i blame this book

edited photo low res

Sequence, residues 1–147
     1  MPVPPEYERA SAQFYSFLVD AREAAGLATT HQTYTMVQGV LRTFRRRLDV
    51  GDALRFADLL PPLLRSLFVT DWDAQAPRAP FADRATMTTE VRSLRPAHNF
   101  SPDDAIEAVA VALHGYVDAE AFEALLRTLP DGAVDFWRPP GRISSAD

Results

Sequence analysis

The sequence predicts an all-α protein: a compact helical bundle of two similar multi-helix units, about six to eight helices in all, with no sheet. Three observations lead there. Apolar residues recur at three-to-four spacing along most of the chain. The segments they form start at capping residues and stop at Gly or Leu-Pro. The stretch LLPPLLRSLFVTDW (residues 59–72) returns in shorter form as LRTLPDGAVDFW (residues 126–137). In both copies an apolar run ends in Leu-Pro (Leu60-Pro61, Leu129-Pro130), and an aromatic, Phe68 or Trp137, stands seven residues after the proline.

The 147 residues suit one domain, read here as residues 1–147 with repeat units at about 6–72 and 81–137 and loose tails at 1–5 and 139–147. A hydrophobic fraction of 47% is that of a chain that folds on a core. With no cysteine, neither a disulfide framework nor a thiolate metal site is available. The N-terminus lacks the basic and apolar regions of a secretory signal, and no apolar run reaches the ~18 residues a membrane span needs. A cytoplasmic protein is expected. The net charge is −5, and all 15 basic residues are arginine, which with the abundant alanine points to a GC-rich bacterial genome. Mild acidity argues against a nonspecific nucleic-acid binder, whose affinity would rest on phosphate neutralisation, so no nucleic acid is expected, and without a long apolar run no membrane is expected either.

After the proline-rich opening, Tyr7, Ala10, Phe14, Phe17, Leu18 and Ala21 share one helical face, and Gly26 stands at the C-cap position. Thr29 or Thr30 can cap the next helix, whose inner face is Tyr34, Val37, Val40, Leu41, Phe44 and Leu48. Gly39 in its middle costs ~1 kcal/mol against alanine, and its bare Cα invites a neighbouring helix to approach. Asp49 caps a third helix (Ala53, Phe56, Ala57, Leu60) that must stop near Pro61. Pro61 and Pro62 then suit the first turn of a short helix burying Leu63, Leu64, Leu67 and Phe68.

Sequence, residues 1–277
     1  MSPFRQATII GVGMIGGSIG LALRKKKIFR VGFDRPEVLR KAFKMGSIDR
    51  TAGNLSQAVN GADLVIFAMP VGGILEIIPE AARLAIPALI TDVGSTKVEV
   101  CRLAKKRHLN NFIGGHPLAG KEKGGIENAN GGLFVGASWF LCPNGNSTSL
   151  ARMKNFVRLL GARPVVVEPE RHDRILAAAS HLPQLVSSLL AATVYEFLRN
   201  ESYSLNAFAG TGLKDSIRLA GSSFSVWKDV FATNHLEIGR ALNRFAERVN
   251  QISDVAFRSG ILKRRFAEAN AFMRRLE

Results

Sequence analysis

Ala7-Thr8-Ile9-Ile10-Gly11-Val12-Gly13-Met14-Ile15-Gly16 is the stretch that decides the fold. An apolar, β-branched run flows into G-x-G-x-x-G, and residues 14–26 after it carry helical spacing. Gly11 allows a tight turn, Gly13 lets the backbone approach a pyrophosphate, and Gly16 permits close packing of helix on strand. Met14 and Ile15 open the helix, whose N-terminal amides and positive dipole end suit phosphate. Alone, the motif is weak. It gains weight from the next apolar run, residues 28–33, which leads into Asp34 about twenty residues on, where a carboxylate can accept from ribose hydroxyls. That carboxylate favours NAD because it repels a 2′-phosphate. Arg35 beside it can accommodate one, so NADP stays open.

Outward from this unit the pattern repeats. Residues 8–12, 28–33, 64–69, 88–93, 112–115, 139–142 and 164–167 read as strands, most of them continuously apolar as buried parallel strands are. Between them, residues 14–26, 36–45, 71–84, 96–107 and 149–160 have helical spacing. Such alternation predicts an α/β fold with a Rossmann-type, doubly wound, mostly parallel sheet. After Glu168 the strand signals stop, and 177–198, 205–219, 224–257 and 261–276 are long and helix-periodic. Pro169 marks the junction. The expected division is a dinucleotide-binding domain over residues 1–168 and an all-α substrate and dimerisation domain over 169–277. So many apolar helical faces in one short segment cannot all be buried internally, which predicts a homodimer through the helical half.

You might know Chris Guillebeau for his extremely popular book, The $100 Startup, but to be honest, I haven’t read that one. I did just finish his book, The Happiness of Pursuit: Finding the Quest That Will Bring Purpose to Your Life, and loved it.  Not only does he tell about his own quest to visit every country on the planet (wow!), but he writes about others’ quests that range from a mom in Oklahoma whose quest is to cook a meal for her family from every country on the planet to the woman who set the record for the most bird sightings.  He writes about the challenges, the motivations, and the logistics of the many quests that appear in his book.  I can’t remember what prompted me read this book, because to be honest, I usually steer clear of these kinds of books because they make me so dang jealous.  Truth:  People fulfilling their life dreams, whether it’s travels or service to a cause, can bring on a very depressing feeling of inadequacy.  But something got me interested in this book enough to get over my envy, and I’m so glad.  Chris did a really good job of describing quests that would take years and significant amounts of money but also writing about quests that would not take so many years and gobs of money.  Lots of ideas and directions.  And he offers a lot of useful advice about completing a quest and the importance of documenting the journey.  Good stuff.